No Surprise: Diesel Exhaust Causes Cancer
Thursday, June 14, 2012
The cancer research wing of the World Health Organization has determined exhaust from diesel engines causes cancer.
The determination by the International Agency for Research on Cancer (IARC) that diesel fumes are a human carcinogen expands upon its decision in 1988 that the exhaust was a “probable” link to lung cancer.
In its latest decision, IARC experts added they found “limited evidence” linking diesel fumes to bladder cancer.
The IARC finding is in line with a U.S. study from the National Cancer Institute and the National Institute for Occupational Safety and Health, which found diesel exhaust increased the risk of lung cancer for non-smoking miners.
Labeling diesel fumes as cancer-causing will likely have a larger impact in developing nations than in the United States, which already requires industry to use cleaner burning engines.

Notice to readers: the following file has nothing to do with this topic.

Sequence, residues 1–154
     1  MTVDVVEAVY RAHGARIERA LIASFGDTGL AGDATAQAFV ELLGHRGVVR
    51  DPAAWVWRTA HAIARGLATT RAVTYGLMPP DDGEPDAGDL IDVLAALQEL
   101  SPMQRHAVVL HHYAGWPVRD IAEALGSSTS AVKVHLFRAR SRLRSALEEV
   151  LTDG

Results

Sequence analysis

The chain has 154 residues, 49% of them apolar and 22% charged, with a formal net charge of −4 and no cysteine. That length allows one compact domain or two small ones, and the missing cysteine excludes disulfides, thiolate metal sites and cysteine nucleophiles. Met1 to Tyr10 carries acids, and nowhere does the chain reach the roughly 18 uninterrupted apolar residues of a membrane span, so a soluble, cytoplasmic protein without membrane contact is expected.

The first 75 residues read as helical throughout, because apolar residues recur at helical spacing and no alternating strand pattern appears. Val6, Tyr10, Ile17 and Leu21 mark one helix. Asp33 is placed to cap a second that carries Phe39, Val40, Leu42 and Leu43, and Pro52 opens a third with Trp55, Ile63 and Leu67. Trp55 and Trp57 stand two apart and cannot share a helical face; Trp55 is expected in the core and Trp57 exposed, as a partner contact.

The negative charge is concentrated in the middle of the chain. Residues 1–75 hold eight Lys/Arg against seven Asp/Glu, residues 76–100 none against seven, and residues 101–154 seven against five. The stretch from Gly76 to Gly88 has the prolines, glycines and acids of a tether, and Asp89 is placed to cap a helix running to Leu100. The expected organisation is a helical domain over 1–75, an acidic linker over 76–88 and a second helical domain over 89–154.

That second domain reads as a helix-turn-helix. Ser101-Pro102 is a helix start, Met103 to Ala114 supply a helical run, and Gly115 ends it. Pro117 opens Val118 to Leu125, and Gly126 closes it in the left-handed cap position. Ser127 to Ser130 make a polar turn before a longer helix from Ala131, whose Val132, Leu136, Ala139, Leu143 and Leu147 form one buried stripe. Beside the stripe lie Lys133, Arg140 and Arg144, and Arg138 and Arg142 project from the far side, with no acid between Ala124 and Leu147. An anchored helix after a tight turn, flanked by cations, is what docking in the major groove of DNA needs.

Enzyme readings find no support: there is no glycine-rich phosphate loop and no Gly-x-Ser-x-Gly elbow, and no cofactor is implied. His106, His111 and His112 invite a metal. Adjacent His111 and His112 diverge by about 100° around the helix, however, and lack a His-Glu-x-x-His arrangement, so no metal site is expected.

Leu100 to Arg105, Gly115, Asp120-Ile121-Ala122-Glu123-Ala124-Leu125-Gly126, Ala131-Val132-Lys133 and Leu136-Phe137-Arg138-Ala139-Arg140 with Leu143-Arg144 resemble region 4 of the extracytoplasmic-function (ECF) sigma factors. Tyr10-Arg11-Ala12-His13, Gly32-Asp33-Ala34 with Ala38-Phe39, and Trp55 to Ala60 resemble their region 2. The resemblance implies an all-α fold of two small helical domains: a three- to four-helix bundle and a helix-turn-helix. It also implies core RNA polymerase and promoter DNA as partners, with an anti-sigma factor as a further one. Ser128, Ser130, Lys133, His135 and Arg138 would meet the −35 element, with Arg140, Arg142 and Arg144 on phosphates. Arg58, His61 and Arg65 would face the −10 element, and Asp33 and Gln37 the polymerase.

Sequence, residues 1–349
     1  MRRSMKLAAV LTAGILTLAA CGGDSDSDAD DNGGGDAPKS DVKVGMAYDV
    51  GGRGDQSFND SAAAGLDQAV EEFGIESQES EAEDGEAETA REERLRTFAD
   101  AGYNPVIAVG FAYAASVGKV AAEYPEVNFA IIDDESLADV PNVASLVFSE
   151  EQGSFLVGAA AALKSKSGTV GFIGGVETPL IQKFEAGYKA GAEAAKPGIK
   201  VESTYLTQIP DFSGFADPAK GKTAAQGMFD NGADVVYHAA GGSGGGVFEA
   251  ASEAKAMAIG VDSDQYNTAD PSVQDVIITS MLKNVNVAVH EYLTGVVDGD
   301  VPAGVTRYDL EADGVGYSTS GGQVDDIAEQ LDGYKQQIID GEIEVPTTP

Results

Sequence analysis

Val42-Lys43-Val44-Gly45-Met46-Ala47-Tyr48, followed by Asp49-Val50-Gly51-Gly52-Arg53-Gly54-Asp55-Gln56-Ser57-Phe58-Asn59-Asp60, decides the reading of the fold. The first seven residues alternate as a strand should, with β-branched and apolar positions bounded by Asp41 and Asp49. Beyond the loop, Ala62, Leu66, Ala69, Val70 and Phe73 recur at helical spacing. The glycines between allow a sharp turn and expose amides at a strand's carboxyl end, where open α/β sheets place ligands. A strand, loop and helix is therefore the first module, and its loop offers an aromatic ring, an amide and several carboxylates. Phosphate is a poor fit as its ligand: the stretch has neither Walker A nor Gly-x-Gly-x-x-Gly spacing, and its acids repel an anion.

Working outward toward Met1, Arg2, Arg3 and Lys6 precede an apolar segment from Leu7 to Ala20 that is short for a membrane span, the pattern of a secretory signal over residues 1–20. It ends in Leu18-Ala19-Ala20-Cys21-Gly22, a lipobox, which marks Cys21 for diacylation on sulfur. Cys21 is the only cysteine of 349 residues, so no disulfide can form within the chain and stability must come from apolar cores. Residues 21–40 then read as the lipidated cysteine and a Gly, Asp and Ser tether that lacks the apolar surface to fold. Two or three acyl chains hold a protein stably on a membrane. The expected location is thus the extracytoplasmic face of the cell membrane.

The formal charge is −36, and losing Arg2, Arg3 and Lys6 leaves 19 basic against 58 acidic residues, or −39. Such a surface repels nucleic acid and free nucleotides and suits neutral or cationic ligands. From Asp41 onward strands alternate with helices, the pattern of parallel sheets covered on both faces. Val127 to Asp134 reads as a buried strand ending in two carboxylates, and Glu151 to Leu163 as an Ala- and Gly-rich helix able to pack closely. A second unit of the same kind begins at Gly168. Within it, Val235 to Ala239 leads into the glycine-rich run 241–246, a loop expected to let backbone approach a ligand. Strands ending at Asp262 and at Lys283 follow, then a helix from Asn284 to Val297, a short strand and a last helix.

However, the WHO decision “may eventually affect some American workers who are heavily exposed to exhaust,” according to Donald McNeil Jr. of The New York Times. Among those most at risk are miners and toll collectors.
To Learn More:
Diesel Engine Exhaust Earns 'Carcinogenic' Label (by Jim Morris, iWatch News)
W.H.O. Declares Diesel Fumes Cause Lung Cancer (by Donald McNeil Jr., New York Times)
IARC: Diesel Engine Exhaust Carcinogenic (International Agency for Research on Cancer) (pdf)
Diesel Technology Forum Statement On Action by the International Agency on Research for Cancer (Diesel Technology Forum)
Study of Miners Exposed to Diesel Fuel Finally Published (by Matt Bewig, AllGov)
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